Teachers hate to throw anything away because you never know when something might come in handy. 

With the advent of AI, it’s tempting to toss out some of our old ways of crafting strategies and generating lessons. However, we must use every technology necessary and available to make learning possible – and we can’t overlook the value of old technologies! 

Back in 2015, I had a reluctant writer named Carlos. He loved to read, but when it came time to face a blank page, he froze. Halfway through the year, we were reading Dear Mr. Henshaw, which everyone enjoyed, but when I asked the class to write about their favorite part, Carlos once again froze.  

I asked him to stay in at recess, which probably made him think he was in trouble. But I had an idea. 

When he walked over to my desk, I opened my new iPad and clicked on Dragon Dictation – a very old software. After dramatically tossing a piece of paper in my basket, I asked him to tell me about his favorite part of the book. After enthusiastically telling me, I tapped my screen a couple of times, and then asked him to read what was on the screen. “That’s what I just said!” he marveled. I told him that’s all I wanted him to do – write like he talks. That’s when I saw the look of understanding on his face as he made the connection.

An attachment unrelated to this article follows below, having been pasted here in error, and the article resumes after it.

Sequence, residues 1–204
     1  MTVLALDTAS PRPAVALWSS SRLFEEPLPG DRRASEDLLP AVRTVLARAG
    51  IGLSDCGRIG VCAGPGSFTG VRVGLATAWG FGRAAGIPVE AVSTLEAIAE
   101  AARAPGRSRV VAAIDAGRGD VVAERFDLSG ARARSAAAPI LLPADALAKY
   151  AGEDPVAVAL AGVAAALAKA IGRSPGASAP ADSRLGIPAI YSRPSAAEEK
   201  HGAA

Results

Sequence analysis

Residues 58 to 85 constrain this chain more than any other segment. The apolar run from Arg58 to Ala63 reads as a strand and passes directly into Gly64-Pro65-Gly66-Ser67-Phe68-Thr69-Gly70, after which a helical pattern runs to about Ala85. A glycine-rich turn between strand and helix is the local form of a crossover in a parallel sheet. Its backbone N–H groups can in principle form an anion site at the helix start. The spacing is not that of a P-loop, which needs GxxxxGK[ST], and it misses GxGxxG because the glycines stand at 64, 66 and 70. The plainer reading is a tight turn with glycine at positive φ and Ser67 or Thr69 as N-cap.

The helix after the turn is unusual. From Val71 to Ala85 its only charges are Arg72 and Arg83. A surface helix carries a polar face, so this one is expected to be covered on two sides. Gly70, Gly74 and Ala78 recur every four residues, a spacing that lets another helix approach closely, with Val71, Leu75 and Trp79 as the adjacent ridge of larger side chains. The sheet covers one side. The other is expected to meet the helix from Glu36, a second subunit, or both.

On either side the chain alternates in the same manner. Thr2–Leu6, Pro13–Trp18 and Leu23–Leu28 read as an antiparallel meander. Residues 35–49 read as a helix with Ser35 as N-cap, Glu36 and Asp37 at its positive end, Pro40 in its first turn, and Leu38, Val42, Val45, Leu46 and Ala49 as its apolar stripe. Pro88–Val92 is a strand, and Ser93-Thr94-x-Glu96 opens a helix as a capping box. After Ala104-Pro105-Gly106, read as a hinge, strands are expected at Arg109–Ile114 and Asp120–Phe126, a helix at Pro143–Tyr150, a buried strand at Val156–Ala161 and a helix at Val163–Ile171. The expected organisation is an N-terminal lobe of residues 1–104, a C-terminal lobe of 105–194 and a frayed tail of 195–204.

Because of my ah-ha moment with Carlos, I now teach students how to use dictation features to improve their writing. 

Student working at computerIn my last year’s Fifth grade class, I had a delightful blind student named Angelina. She had only 17% vision in one eye, and that was   slowly deteriorating so that eventually she would be completely blind. She loved using technology – what kid doesn’t? But her big IEP goal was learning to read Braille. Our curriculum was not available in Braille, so she always had to read different texts than the rest of the class, making her feel even more isolated. 

BraillerWhen I discovered that her aide had been quietly learning how to type braille to better help Angelina, I came up with a plan. We combined the 75-year-old Brailler technology with Reading Progress, Microsoft’s new AI technology that tracks reading fluency.  

By combining old and new technologies, we were able to measure Angelina’s fluency through her fingers, not her eyes.  

What couldn’t be measured was the joy she felt at being included in the same lessons and the same technologies as her friends. 

Written by the Tech-Savvy Online Educator

Tammy Brecht Dunbar, M.Ed., STEM


Tammy Dunbar5th Grade Online Academy Educator

Manteca Unified School District

MIEE Master Teacher Trainer

Fulbright Fellow & CA Woman of the Year


NCCE Professional Learning Specialist

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